WASHINGTON - Bad economic news just keeps piling up. Yesterday alone, three new milestones were reached: The number of workers filing unemployment claims hit an all-time high, sales of new homes reached an all-time low, and production of durable goods fell for the fifth straight month, boosting inventories to the highest level since the government began to keep count in 1992.
And it's not over. Today, when the Commerce Department releases its initial estimate of gross domestic product - that is, the value of all goods and services produced by the economy - for the fourth quarter of last year, it will essentially wrap into one, sobering number all the grim developments that have been accumulating in recent weeks and months.
Many economists think the decline will be a whopping 5 percent or more - which would make it the worst quarter for the U.S. economy since 1982.
"When we see fourth-quarter GDP ... it will be bad," said Nigel Gault, chief U.S. economist at IHSGlobal Insight, an economic forecasting firm in Lexington, Mass. "What today's numbers tell us is that first-quarter 2009 will be just as bad."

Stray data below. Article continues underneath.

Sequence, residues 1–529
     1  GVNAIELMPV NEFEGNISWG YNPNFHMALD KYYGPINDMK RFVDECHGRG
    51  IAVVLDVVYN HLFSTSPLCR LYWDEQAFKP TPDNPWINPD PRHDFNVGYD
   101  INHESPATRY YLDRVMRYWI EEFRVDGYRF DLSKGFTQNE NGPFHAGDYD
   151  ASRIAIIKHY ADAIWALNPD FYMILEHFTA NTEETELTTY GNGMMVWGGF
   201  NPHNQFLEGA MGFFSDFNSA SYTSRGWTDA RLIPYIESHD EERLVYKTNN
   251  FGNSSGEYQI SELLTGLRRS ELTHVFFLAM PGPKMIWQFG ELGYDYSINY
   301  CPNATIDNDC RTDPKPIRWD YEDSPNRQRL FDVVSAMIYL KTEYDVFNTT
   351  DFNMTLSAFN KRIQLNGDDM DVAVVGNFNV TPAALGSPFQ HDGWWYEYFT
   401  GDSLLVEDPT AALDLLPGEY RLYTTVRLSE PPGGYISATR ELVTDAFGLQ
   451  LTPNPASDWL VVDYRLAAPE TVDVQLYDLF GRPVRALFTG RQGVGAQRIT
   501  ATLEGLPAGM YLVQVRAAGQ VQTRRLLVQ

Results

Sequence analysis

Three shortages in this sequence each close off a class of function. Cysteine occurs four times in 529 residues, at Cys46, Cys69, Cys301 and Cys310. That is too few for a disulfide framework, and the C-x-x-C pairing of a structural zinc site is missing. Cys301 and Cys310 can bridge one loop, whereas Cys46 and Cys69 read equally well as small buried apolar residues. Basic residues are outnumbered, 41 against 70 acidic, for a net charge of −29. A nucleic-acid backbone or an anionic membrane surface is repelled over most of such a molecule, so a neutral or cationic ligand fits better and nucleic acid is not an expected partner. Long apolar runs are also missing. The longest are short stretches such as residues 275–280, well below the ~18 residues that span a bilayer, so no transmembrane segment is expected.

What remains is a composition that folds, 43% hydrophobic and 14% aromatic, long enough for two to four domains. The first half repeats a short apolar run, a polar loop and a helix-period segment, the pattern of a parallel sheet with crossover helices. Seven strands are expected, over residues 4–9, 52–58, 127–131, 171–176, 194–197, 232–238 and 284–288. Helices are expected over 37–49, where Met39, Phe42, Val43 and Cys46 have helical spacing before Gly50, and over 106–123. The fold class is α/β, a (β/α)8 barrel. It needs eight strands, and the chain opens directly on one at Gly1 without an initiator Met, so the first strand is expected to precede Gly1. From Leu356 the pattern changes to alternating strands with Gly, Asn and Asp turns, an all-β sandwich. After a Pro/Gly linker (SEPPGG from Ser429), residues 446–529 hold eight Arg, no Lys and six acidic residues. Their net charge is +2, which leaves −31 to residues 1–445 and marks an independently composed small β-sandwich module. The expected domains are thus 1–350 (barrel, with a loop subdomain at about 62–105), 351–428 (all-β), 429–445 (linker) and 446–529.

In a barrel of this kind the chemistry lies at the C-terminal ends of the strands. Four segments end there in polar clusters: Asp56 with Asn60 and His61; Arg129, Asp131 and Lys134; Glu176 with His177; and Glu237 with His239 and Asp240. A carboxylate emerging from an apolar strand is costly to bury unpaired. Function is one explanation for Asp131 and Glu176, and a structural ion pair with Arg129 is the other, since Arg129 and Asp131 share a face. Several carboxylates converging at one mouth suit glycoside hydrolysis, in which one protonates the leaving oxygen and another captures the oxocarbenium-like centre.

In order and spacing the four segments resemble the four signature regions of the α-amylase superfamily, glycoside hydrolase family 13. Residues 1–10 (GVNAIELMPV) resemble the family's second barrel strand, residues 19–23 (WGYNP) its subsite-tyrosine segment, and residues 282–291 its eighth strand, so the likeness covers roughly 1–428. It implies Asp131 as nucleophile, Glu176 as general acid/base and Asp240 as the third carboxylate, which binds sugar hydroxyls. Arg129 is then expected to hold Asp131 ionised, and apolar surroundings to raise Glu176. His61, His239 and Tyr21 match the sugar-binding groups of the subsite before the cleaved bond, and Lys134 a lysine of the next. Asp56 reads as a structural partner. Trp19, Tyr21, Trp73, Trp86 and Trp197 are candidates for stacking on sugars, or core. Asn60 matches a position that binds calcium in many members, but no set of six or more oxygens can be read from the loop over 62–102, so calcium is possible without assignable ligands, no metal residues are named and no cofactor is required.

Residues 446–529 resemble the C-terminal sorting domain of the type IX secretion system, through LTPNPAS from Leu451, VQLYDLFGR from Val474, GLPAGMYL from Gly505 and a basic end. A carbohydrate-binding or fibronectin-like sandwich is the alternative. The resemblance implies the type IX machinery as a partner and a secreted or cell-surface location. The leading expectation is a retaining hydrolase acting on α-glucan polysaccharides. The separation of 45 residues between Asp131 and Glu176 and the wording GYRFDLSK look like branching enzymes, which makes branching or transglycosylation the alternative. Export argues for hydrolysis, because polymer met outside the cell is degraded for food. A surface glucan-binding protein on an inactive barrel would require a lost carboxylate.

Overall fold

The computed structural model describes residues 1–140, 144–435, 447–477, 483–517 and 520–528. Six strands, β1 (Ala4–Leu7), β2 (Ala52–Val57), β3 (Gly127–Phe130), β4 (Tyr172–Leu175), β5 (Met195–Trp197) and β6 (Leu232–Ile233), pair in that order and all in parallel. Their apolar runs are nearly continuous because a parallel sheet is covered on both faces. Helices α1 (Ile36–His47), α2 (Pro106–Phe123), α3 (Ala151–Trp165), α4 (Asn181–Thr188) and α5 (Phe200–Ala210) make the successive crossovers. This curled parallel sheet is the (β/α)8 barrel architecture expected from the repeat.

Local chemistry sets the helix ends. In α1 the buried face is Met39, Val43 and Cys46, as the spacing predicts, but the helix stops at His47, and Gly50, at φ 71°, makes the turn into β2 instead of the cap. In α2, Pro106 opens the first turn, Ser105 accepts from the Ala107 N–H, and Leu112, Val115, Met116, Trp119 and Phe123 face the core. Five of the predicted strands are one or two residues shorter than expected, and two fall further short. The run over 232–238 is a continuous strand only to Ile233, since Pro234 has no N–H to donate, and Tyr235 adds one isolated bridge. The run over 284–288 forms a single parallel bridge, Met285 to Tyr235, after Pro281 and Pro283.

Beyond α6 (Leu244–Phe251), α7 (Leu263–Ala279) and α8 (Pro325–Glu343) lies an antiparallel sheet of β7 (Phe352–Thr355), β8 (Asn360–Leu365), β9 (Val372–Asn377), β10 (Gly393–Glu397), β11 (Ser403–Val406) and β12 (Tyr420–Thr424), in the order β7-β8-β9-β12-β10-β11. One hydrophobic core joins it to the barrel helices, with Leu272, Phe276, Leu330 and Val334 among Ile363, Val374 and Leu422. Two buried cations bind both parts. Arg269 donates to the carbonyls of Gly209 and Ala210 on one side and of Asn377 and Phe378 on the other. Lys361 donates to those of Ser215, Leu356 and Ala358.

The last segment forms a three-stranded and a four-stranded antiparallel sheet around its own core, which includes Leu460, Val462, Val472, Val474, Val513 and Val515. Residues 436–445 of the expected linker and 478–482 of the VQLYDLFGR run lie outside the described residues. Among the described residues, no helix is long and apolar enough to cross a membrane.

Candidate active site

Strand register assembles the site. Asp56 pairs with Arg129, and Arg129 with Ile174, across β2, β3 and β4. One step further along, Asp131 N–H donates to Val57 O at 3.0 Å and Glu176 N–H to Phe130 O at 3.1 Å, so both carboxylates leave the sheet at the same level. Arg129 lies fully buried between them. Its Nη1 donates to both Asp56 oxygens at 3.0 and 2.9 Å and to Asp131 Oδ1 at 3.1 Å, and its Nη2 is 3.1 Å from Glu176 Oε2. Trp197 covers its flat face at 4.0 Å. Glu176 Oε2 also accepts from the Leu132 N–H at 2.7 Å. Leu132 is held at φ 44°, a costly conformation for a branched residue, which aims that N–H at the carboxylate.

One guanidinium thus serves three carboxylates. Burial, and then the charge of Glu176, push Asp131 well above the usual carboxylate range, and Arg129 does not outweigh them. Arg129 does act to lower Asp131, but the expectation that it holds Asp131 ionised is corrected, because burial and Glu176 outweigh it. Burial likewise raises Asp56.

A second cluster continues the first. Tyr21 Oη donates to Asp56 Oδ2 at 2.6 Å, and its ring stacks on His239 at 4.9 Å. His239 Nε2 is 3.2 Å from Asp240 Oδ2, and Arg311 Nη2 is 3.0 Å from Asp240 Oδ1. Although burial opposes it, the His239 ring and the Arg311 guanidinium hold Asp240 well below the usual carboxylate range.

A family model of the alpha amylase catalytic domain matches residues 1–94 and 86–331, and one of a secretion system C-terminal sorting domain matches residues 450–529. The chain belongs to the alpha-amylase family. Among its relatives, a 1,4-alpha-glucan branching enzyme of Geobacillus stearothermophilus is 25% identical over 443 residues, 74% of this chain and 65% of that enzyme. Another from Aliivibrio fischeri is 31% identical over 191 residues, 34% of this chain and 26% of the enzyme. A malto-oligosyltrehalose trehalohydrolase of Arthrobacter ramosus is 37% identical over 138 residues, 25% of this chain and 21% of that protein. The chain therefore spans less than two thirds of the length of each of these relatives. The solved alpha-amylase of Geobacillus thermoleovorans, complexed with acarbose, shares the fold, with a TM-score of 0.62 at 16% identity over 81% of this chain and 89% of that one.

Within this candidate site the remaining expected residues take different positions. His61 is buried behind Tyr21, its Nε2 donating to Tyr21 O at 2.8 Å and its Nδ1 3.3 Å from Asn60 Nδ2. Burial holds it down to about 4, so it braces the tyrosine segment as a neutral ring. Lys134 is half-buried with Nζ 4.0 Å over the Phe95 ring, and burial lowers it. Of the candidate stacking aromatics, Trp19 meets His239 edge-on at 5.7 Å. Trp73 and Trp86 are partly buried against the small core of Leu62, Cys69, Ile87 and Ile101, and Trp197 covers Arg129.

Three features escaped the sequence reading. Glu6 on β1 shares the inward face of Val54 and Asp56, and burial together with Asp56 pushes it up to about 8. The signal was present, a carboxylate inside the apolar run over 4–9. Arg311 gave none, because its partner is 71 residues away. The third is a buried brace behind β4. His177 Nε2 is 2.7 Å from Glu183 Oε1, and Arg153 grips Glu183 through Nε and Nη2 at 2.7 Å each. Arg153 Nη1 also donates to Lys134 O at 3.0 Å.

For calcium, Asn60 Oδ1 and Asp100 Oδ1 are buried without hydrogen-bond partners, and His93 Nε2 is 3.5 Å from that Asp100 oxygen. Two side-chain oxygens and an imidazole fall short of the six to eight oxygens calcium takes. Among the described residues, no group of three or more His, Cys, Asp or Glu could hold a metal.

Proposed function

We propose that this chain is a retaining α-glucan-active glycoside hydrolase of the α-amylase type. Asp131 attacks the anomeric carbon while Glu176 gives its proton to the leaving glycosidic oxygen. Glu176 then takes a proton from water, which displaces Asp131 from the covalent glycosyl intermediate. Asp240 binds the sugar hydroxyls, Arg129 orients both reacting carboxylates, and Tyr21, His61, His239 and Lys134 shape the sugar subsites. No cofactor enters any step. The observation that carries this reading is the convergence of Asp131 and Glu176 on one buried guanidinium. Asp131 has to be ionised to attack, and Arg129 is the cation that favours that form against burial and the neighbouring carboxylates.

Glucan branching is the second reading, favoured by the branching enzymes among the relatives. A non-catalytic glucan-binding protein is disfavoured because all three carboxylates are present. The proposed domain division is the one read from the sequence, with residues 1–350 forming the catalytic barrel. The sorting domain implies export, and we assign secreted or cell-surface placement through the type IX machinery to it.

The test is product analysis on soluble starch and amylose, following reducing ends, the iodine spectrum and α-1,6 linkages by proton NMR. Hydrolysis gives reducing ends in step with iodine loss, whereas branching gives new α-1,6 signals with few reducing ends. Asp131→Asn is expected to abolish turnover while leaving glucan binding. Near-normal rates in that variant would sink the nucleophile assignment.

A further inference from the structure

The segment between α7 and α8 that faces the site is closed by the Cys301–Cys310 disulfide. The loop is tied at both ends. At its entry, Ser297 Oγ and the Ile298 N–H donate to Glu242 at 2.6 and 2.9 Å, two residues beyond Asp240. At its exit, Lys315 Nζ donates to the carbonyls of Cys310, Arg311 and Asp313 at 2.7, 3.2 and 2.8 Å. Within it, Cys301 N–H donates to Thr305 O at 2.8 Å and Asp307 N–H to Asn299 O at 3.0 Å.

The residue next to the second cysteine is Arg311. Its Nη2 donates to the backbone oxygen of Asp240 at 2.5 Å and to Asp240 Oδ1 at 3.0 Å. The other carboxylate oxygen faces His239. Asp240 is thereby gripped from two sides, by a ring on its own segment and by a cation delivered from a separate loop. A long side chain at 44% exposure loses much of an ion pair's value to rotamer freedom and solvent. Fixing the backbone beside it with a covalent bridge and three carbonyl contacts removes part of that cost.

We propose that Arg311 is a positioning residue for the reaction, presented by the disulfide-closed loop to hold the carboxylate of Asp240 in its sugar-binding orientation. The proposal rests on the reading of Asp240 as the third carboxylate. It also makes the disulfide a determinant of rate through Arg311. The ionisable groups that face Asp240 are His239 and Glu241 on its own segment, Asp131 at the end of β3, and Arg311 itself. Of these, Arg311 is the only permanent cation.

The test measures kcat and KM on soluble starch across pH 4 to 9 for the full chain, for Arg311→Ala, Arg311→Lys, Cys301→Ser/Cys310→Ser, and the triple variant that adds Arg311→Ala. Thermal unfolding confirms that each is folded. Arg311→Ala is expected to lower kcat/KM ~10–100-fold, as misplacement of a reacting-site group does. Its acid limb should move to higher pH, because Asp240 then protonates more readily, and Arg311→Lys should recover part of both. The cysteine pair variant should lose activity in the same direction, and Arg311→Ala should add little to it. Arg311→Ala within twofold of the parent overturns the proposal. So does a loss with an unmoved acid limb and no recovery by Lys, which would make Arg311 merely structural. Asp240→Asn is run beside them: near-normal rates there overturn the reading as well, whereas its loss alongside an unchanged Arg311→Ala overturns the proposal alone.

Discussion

At the White House, President Barack Obama met again yesterday with his advisers - as he has almost daily since taking office 10 days ago- and pledged that his administration is working on a three-part plan to pull the economy out of the doldrums.
The three parts include the $819 billion package of spending and tax cuts under consideration in Congress, a plan to shore up the fragile financial system, and a program to address the housing and foreclosure crisis, which triggered the recession that began more than a year ago.
The stock market tumbled on the grim economic data, giving back nearly all of the gains it made the day before. The Dow Jones industrial average slumped 226.44 points, or 2.7 percent, to 8,149.01. The broader Standard & Poor's 500 index and Nasdaq composite index each gave up more than 3 percent. Financial stocks were the biggest losers.
On the jobs front, the Labor Dept. reported that the number of workers claiming unemployment benefits reached 4.78 million last week, an increase of 159,000 in just one week. In raw numbers, that's the highest level recorded since the government began keeping records in 1967.